The Moreton Bay Region has a large diversity of waterways ranging from upland streams of the D’Aguilar Range to the estuaries connecting the coastal rivers and streams to Moreton Bay.
Importance of waterways
Waterways are important, not only because of the intrinsic values of their diverse aquatic ecosystems, but also for their role in providing water as a commodity.
Waterways also provide many recreational uses. In order to maintain these values and uses, we need to protect our streams and to maintain or enhance them to the best possible condition (or best possible ecological health).
Moreton Bay Regional Council is committed to improve the region's environment, including streams, foreshores and coastal areas. As the region continues to experience high population growth, the pressure on our waterways will also increase.
Past and future landuse activities, including residential, industrial, commercial and agricultural landuse, adversely affect water quality and waterway health.
Concerted management and action by government, community and industry can prevent, reduce or reverse the decline in waterway health.
Healthy waterways partnership
Council is a member and supports the initiatives of the Healthy Waterways Partnership. Healthy Waterways is an independent, not-for-profit organisation that works with members from government, industry and the community to protect and improve South East Queensland’s waterways. Initiatives include:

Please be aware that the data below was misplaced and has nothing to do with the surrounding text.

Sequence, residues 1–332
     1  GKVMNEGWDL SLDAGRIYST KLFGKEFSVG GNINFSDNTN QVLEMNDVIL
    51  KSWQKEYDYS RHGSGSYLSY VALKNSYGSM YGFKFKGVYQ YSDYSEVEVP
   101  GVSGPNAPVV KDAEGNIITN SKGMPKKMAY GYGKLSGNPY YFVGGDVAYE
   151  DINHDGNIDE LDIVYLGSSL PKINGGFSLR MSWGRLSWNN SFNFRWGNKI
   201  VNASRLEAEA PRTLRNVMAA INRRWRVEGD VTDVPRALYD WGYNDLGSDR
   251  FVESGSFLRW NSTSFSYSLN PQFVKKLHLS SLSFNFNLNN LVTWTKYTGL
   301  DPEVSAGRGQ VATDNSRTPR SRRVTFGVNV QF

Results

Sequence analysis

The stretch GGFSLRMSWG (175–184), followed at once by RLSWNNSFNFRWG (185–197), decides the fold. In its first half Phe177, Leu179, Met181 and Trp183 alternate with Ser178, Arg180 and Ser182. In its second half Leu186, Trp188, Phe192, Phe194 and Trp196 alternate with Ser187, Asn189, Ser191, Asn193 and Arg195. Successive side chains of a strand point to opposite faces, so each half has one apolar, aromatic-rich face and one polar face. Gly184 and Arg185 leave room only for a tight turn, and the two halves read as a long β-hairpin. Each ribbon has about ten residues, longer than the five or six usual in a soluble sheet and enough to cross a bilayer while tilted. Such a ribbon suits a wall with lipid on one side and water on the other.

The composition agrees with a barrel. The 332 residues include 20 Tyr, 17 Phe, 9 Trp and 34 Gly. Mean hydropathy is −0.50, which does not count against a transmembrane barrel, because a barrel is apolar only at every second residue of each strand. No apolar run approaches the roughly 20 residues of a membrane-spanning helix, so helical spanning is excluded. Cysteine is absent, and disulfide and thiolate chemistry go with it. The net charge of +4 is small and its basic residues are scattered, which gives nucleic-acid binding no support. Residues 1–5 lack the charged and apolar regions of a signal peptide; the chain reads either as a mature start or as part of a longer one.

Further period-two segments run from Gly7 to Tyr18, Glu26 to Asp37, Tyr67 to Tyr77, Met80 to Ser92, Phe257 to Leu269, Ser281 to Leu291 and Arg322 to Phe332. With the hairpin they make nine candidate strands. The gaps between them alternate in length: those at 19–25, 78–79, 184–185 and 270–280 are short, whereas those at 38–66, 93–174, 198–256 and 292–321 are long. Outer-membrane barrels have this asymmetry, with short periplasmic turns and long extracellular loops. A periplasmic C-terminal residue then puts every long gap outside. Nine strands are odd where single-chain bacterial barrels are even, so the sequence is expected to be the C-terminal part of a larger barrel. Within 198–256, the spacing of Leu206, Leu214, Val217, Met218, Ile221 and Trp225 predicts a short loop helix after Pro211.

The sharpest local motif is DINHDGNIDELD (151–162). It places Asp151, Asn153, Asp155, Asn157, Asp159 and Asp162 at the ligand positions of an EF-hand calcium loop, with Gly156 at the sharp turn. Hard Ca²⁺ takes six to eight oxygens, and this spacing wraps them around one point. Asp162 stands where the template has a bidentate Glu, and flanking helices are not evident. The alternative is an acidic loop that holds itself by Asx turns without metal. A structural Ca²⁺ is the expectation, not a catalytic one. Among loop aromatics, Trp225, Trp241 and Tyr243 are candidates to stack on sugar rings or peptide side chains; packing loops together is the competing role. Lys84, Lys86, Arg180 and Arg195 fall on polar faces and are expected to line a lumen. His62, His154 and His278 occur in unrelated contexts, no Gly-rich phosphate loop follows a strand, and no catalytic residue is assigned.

- Science and Research
- Monitoring Program
- Healthy Waterplay
- Water by Design
- Communication and Education
Total water cycle management plan
In 2010 Council commenced work on a Total Water Cycle Management Plan for the Moreton Bay Regional Council area.
The management plan is the first stage of a coordinated response to managing water quality objectives for our rivers, creeks, beaches and Moreton Bay.
The management plan uses detailed modelling to identify broad catchment specific solutions that deliver the highest water quality outcomes at the least cost to the community.